A Gap in the Veil by Samantha Schenk
MM urban fantasy

As a mechanic, Greg can fix just about anything—except his broken heart. He finds solace in witchcraft, solving problems for ghosts instead of looking closer to home.

When a visiting musician dials up the charm after a gig in town, Greg’s life looks to be taking a turn for the better. His plans to keep things simple between them are complicated by the awakening of a spirit bent on corruption. Greg must make choices between moving on or taking the fight to a whole new level and save Wellington from a past it had almost forgotten.


Pride Month sale titles by Noami Aoki
MMF, MMM and Bi


Dark Attraction by Drake LaMarque
MM vampire romance

Brand: A pansexual college surfer dude looking for love in all the wrong places
Gage: A mysterious goth with something to hide who will do anything to keep what’s his

When they meet at a party, there’s an instant attraction but between Gage’s dominant hunger and Brand’s need to submit to him… the fire may be all-consuming.

an MM vampire/human romance featuring lots of spice – start of a series!


Prelude to Love by Anne Barwell
MM contemporary romance

Joel is a music teacher who knows it’s time to forget his ex and move on, while Marcus runs a lawn-mowing business and has come to Wellington to escape the reminders of a recent breakup. Although they’re opposites, when Joel and Marcus connect, their romance has the potential to hit all the right notes.

Too bad neither of them feels ready for new love.

With family and friends in common, dating is risky and things could get messy if it doesn’t work out. When the sweet song of possibility draws them towards romance, a Chopin prelude ends in a seductive kiss. But it will take some practice and perseverance to find their perfect harmony…

Author’s note: This is the second edition of Prelude to Love. The first edition was released by another publishing house. This edition has some added content, and has been revised and re-edited with the end result being a better, stronger story. It uses New Zealand spelling to reflect its setting.

Writers, writing

YA novel Onesies and Ouijaboards out now!

Onesies and Ouijaboards

I’ve returned to the world of Young Adult novels!

Onesies and Ouijaboards is a spin off from my Mt Eden Witches series – involving Basil the library witch from Overdues and Occultism and Monsters and Manuscripts. It’s a standalone novel, and you don’t have to have read the other two before this one, but you’ll get a better idea of the world if you do.

So, why did I write another Young Adult novel after all this time?

Honestly, it was because teenagers asked for it. Not like, by spamming my socials or anything, but over the last 16 months or so I’ve been to a few book fairs (not as many as were planned, due to Covid and restrictions), but I’ve learned a bit. I’ve had a lot of varied teens look at the covers to my Witchy Fiction books and been really interested, but then a few of them have asked if there’s romance in them, and been disappointed when the answer was yes. This happened a handful of times, which isn’t a huge survey at all, but it showed that there was a gap in the market.

So I went ahead and wrote Onesies with the plan of including no romance at all. It’s also my first book with a non-binary solo main character. Arrow came to me at the end of Overdues and Occultism – a grumpy, emo teen who came into the library with their family.

The book was delightful to write. Arrow was firm in my mind as a person who loved fantasy and wanted something more, and the events of Monsters and Manuscripts opened up the perfect opportunity for their story.

This book is going to be available over a lot of ebook platforms, although just for the moment it’s only on Amazon, but watch out for it in the next few days.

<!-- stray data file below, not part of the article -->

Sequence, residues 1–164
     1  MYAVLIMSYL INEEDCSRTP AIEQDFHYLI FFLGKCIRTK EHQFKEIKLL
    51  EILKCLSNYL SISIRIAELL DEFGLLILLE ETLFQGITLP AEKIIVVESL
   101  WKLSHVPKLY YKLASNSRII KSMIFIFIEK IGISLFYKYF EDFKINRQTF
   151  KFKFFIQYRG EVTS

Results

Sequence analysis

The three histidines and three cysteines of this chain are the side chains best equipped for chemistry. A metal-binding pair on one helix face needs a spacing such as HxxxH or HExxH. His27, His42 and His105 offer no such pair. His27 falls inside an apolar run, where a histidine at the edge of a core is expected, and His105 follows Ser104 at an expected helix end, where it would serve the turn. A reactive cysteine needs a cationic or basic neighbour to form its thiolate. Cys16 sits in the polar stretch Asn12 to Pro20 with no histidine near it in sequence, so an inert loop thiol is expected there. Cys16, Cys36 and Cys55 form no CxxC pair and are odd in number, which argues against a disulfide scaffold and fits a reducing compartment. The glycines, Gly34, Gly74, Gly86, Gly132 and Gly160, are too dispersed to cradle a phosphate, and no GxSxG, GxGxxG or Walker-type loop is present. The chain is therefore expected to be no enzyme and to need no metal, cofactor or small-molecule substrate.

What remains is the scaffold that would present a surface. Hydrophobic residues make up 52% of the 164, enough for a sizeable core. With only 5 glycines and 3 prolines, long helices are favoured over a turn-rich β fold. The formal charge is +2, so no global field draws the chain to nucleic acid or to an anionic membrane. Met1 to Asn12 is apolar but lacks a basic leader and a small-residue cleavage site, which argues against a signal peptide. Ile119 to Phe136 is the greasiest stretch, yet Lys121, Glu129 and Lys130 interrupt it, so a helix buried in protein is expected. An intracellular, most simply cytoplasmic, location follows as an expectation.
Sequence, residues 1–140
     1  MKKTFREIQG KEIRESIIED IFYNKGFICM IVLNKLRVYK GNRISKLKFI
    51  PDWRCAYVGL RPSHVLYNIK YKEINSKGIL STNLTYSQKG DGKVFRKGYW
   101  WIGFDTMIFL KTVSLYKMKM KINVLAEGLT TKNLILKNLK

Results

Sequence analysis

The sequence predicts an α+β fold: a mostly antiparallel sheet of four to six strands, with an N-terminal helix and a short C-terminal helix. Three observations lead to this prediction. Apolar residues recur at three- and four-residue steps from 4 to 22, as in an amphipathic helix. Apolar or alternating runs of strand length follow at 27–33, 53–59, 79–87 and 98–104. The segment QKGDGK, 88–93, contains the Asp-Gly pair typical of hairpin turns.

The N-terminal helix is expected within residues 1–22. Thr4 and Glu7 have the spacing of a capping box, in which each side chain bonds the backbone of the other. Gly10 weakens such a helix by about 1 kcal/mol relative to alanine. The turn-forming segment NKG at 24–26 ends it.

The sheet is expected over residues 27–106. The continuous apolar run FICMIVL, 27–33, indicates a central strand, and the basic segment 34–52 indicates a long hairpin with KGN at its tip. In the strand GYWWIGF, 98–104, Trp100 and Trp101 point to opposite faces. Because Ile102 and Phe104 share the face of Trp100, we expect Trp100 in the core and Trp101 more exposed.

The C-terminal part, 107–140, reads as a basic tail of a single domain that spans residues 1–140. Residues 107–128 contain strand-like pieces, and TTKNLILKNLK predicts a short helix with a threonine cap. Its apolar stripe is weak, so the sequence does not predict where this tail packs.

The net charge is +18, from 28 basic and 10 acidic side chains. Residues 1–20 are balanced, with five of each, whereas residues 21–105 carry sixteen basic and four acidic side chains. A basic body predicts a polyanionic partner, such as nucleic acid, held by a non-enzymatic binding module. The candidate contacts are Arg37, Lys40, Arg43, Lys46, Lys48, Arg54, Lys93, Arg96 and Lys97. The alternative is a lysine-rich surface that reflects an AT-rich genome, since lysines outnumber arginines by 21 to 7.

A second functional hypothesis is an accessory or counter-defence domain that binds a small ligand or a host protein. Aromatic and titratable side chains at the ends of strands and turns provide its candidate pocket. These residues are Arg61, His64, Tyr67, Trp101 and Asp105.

Gorgeous cover by Jacqueline Sweet

Be careful what you wish for…

Arrow is fifteen, non-binary, and bored.

It’s one thing to read about magic, or watch ghost hunting shows. But Arrow yearns for something more. When they try out a prosperity spell from a magical library book, things start to go very very right.

Until they don’t.

Arrow’s good luck seems to be affecting a lot of the people around them. From A students suddenly failing quizzes to freak accidents, their good luck seems to be double-sided to say the least. Arrow’s best friend Ren knows not to mess with the unknown, but Arrow’s spell might just affect him all the same.

Arrow’s got to learn about how to wield their magic fast when the power they’ve drawn down proves to be beautiful, but dangerous as well.
***

Onesies and Ouijaboards is a young adult novella spinoff of the popular Mt Eden Witches series. There is no romance, but there are tarot cards, best friends, ghosts and bubble tea

Buy it now!

writing

Writing process? – part six – Publishing preparation

So, this is my step by step for self-publishing. It’s New Zealand based, because that’s what I have experience with. This is the stuff you can do up front, and will make the actually upload process very quick and streamlined when you get to it.

Get yourself an ISBN. In NZ you can get one for free from the National Library here. It’s free to issue but you will need to give them a copy of your book for legal deposit when it’s done, they’ll send the form, etc with the ISBN. Easy!

You’ll need cover art. There’s lots of options here, there are artists on Fiverr and on Facebook. Or you can check the credits on the books with awesome covers and find artists that way, or ask a fellow indie author who has covers you love for a referral. Many, many options. You’ll need to know going in if you’re publishing ebook only or paperback too, because there’ll often be an extra cost for a wraparound paperback cover.

Decide where to publish through. Most authors, myself included, go for Amazon. Amazon is a great choice because it has the widest audience and it has Kindle Unlimited, which is great for certain genre of books. Lots of romance readers are in KU and you get paid per page read, which can be quite lucrative.

You can also go ‘wide’ and publish with Kobo, Apple Books, etc. This is particularly easy if you use an online distributor. I use Draft2Digital for this because they upload books to library wholesalers, which gives me more options to sell. You can also do each website manually, but I like saving time, even if D2D take a little cut of sales.

Write your blurb aka the absolute worst part of the novel creation process. The best advice I’ve seen for this is to look around at blurbs in your genre, which sound interesting. Work out what it is about the blurb which sounds interesting and then do your own version. No copy pasting here, that’s gross and bad manners. Instead, look at what’s grabbing you. Look at what makes you interested, and then draw out the most interesting, hooky things about your book’s plot. I absolutely hate blurbs, but they do get easier with time.